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Volcano cloud: Ryanair test flight through 'high ash' zone over Scotland

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Passengers wait with their luggage at Glasgow Airport (PA)

Passengers wait with their luggage at Glasgow Airport (PA)

A Nasa satellite image shows the plume of dense ash from the Grimsvotn volcano in Iceland (AP/Nasa)

A Nasa satellite image shows the plume of dense ash from the Grimsvotn volcano in Iceland (AP/Nasa)

Smoke plumes from the Grimsvotn volcano rise above Iceland (AP)

Smoke plumes from the Grimsvotn volcano rise above Iceland (AP)

Vehicles in Iceland are covered in ash from a volcano (AP)

Vehicles in Iceland are covered in ash from a volcano (AP)

Grimsvotn is Iceland's most active volcano (AP)

Grimsvotn is Iceland's most active volcano (AP)

Smoke plumes from the Grimsvotn volcano, which has erupted for the first time since 2004 (AP)

Smoke plumes from the Grimsvotn volcano, which has erupted for the first time since 2004 (AP)

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Passengers wait with their luggage at Glasgow Airport (PA)

Ryanair said it had completed a one-hour "verification flight" up to 41,000ft in Scottish airspace this morning.

The aircraft took off from Glasgow Prestwick, flew to Inverness, on to Aberdeen and down to Edinburgh.

In a statement, a spokeswoman for the airline said: "There was no visible volcanic ash cloud or any other presence of volcanic ash and the post-flight inspection revealed no evidence of volcanic ash on the airframe, wings or engines.

"The absence of any volcanic ash in the atmosphere supports Ryanair's stated view that there is no safety threat to aircraft in this mythical 'red zone', which is another misguided invention by the UK Met Office and the CAA (Civil Aviation Authority).

"Ryanair has also received written confirmation from both its airframe and engine manufacturers that it is safe to operate in these so-called 'red zones' and, in any event, Ryanair's verification flight this morning also confirms that the 'red zone' over Scotland is non-existent."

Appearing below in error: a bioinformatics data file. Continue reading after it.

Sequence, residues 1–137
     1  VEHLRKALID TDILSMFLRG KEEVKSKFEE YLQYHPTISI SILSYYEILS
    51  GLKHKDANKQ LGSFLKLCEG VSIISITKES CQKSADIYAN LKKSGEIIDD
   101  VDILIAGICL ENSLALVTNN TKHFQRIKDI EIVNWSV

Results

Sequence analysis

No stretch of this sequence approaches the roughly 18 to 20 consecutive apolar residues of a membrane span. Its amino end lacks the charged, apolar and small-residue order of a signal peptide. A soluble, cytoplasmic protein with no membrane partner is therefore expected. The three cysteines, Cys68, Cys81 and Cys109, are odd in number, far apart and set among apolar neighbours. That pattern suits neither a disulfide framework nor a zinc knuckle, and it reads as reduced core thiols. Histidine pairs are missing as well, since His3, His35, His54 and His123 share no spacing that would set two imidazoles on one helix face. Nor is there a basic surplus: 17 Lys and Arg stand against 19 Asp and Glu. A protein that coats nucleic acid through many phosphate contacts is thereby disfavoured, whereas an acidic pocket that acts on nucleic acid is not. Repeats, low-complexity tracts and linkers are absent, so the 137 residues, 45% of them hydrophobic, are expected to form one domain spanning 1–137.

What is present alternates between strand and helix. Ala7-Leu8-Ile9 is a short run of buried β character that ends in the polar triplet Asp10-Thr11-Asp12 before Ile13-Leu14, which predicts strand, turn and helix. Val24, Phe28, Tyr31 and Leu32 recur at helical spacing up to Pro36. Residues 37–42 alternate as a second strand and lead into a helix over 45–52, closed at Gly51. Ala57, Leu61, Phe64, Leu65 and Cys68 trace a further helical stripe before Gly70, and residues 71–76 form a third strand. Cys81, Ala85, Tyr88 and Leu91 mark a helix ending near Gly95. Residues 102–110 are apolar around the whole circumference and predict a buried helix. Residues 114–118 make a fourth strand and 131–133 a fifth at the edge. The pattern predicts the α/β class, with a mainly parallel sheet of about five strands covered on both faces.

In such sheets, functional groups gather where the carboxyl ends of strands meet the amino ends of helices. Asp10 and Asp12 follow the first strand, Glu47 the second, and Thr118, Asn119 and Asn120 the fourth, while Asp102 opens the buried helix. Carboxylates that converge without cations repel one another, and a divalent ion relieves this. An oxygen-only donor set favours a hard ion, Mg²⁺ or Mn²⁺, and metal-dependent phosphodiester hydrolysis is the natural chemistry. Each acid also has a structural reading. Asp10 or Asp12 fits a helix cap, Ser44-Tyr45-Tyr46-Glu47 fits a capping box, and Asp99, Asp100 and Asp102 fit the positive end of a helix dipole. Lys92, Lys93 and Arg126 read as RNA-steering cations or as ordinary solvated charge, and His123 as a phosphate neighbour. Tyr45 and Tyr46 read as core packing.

Ryanair said it had renewed its calls on both the CAA in the UK and the Irish Aviation Authority to reopen airspace over Scotland and allow airlines to operate flights safely after the verification flight.

Loganair said it hoped to operate some flights this afternoon.

A Loganair spokesman said: "Although much progress has been made since last April's airspace closures, as a result of which we are now able to operate flights safely in areas where low or medium densities of volcanic ash are present, safety considerations still preclude the operation of flights in any area where high densities of ash are carried in the air.

"The progress of the high-density ash cloud is being charted by the UK Met Office, air traffic control authorities and the Civil Aviation Authority.

"We have cancelled all flights, excluding Orkney inter-island services, which remain operational, up to 1pm today but will recommence services on a number of routes this afternoon.

"We expect to be unable to operate services to or from Glasgow, Edinburgh and Dundee this afternoon due to the presence of high- density ash clouds either at those airports or on our flight planned routes to and from them. These services have thus been cancelled."

The Loganair services which are expected to resume include, from 4pm, the service between Aberdeen and Kirkwall, and from 3pm flights between Aberdeen and Sumburgh.





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